Of course, Paul himself was playing a deck which created either laughter or despair for his opponents. James found out, to his cost, what it was to play a deck full of solid spells against a who’s-who of the cube’s top 20 cards. Paul started the match with a first-turn Sol Ring and things went downhill from there. Each time I glanced to my right, he had added a Kokusho, or a Liliana of the Veil, or a Griselbrand, or a Recurring Nightmare to his side of the table.
James’ face was, increasingly, a work of dark poetry.
When the match was over, Paul even managed to flash a Mind Twist which he had never deployed, leaving us to roll our eyes and wonder why a cold, distant god despised us so.
In the pivotal clash, Gordon lost out narrowly to Doug’s slightly ‘bigger’ aggro deck, whose creatures slightly overmatched his own. After the fact, he declared himself unhappy with the overall feel of his deck, foreshadowing a lesson we would eventually learn for future Team events.
With the next clash looming, Gordon and I broke for some much-needed chicken snacks.
Result: Doomgape 2-1 Inter YerMaw
Round 2: Inter YerMaw vs. Team Handsome
As if it wasn’t intimidating enough to face a crack unit named for their formidable beauty, I had the misfortune of lining up against ‘The Handsomest Man in Scottish Magic’ himself, Billy Logan.
Seat 1: I faced Billy, sporting a Blue/Red (Izzet) control deck.
Seat 2: James took on Gerry, who was playing a base-Green ramp deck which included the brutally powerful Mirari’s wake.
Seat 3: Gordon’s opponent was Duncan, whose deck I didn’t get a great look at – suffice to say it was also playing some red spells.
My games against Billy were extremely uninteractive, with one player or the other gaining the ascendancy through a series of powerful and inevitable plays.
In the first, I managed to win despite the fact that Billy resolved a Bribery which put my Grave Titan into play under his control. The secret? Pack Rat, an egregious card in limited formats which was part of my Fauna Shaman toolbox.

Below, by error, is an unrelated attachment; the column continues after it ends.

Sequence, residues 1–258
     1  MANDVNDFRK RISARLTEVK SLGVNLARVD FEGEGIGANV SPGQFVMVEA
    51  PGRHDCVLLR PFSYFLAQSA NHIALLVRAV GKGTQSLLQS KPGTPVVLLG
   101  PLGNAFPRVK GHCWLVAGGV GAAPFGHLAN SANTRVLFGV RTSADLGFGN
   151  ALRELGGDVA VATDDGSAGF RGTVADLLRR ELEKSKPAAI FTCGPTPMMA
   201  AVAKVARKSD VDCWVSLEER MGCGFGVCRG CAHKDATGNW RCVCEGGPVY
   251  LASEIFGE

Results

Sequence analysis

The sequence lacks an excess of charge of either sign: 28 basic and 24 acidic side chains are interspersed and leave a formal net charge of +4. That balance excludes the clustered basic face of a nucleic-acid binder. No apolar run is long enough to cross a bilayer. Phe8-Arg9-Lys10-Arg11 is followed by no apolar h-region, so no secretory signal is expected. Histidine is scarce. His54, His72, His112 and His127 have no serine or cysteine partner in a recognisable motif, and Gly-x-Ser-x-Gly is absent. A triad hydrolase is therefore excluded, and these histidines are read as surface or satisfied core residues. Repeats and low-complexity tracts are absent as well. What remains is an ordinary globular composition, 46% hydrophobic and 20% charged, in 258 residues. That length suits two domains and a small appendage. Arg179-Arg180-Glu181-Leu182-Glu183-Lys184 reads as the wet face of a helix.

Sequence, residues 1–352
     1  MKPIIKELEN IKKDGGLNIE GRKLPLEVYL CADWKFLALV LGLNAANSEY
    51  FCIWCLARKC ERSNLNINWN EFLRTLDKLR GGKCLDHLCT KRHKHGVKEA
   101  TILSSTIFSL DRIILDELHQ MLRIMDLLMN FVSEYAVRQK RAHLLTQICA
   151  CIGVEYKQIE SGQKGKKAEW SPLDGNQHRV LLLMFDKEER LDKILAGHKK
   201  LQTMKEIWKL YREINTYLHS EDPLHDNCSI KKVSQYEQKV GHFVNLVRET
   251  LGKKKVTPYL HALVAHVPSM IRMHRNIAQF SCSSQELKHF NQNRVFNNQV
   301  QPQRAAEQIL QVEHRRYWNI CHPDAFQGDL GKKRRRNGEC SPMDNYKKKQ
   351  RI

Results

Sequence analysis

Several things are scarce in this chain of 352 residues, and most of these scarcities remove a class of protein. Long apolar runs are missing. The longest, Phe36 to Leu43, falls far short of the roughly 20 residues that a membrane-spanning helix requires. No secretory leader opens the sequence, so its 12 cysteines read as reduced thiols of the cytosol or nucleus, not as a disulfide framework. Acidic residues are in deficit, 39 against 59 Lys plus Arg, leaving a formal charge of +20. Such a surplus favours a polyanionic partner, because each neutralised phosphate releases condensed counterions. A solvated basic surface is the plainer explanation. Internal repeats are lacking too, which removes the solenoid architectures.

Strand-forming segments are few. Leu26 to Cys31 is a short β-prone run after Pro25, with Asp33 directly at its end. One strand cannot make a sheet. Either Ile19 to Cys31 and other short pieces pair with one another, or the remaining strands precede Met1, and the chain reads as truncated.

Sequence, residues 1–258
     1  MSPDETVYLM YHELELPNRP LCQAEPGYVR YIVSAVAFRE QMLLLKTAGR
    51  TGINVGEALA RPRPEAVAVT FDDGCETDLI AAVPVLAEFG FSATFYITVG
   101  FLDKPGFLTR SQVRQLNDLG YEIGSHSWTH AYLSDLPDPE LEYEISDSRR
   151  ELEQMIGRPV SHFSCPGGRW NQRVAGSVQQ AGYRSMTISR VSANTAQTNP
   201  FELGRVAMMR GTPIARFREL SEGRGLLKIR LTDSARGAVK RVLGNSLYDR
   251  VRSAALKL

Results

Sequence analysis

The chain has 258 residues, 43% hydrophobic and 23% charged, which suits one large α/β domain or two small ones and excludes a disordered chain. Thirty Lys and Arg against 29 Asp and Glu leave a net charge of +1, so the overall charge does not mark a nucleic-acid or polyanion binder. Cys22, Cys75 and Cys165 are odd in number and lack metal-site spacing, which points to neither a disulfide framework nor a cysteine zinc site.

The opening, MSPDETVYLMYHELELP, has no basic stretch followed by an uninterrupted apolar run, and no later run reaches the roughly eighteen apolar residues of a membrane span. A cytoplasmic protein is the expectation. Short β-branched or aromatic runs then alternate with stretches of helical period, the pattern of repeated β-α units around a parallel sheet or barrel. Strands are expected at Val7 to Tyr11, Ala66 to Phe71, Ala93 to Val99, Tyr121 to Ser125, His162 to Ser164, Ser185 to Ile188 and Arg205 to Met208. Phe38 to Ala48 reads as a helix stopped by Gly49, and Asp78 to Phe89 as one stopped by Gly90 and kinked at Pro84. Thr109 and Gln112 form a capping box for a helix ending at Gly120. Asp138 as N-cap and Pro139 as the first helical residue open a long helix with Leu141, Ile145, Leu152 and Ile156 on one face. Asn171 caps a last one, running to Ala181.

Suffice to say that, without true mass removal, Billy’s otherwise excellent deck had very little in the way of answers to a rat.
In the second, Billy countered my Fauna Shaman to cut off early access to the rat, then locked me out with a Frost Titan as I stumbled slightly on mana.
The third game was a true testament to the power of Pack Rat. I kept a hand without green mana, but with a rat and two colourless utility lands. A rat on the second turn essentially ended the game, although Billy played like a man possessed to try and cut it off. Eventually I drew Squee setting up an unbeatable engine which quickly ended the match.
Sadly, in seat 2, James had been overrun by the powerful, early monsters Gerry had ramped onto the board; while in seat 3, Duncan had similarly claimed the spoils for Team Handsome.
As we prepared for the next round, James and Gordon were both expressing dissatisfaction with their decks, while it was increasingly obvious that a traffic cone could have piloted my degenerate stack to a winning record.
Had we made an error in not consciously splitting its powerful combinations across all three decks? It certainly felt that way to my teammates – and I was left to regret waiting until so late in deck construction to start focussing on those cards, which if addressed earlier might have yielded a more even distribution of our pool’s ‘oomph’.
Result: Team Handsome 2-1 Inter YerMaw
Round 3: Inter YerMaw vs. Bacon Buddies
Entering the home straight, our team had the dubious honour of being the only one firmly out of contention for 1st place. Nonetheless, a quick pep talk had us firing on all cylinders again, determined not to go quietly into the night. Imagine Judi Dench quoting Tennyson in Skyfall and you won’t be far off.